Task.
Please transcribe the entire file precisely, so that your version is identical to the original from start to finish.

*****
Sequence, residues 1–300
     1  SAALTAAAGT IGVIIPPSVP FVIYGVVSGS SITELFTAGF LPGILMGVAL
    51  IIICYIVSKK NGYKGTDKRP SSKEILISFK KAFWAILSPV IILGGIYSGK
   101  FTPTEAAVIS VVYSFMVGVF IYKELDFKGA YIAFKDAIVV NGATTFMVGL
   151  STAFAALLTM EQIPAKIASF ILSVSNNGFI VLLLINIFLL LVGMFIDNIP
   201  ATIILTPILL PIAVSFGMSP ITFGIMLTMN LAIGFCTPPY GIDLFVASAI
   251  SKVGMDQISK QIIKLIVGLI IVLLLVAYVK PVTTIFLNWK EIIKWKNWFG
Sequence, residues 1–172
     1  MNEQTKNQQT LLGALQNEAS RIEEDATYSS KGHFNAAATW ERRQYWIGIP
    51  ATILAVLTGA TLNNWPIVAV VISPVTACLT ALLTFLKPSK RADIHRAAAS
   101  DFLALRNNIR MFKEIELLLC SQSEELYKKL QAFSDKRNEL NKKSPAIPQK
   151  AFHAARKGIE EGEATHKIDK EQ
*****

Sequence, residues 1–300
     1  SAALTAAAGT IGVIIPPSVP FVIYGVVSGS SITELFTAGF LPGILMGVAL
    51  IIICYIVSKK NGYKGTDKRP SSKEILISFK KAFWAILSPV IILGGIYSGK
   101  FTPTEAAVIS VVYSFMVGVF IYKELDFKGA YIAFKDAIVV NGATTFMVGL
   151  STAFAALLTM EQIPAKIASF ILSVSNNGFI VLLLINIFLL LVGMFIDNIP
   201  ATIILTPILL PIAVSFGMSP ITFGIMLTMN LAIGFCTPPY GIDLFVASAI
   251  SKVGMDQISK QIIKLIVGLI IVLLLVAYVK PVTTIFLNWK EIIKWKNWFG
Sequence, residues 1–172
     1  MNEQTKNQQT LLGALQNEAS RIEEDATYSS KGHFNAAATW ERRQYWIGIP
    51  ATILAVLTGA TLNNWPIVAV VISPVTACLT ALLTFLKPSK RADIHRAAAS
   101  DFLALRNNIR MFKEIELLLC SQSEELYKKL QAFSDKRNEL NKKSPAIPQK
   151  AFHAARKGIE EGEATHKIDK EQ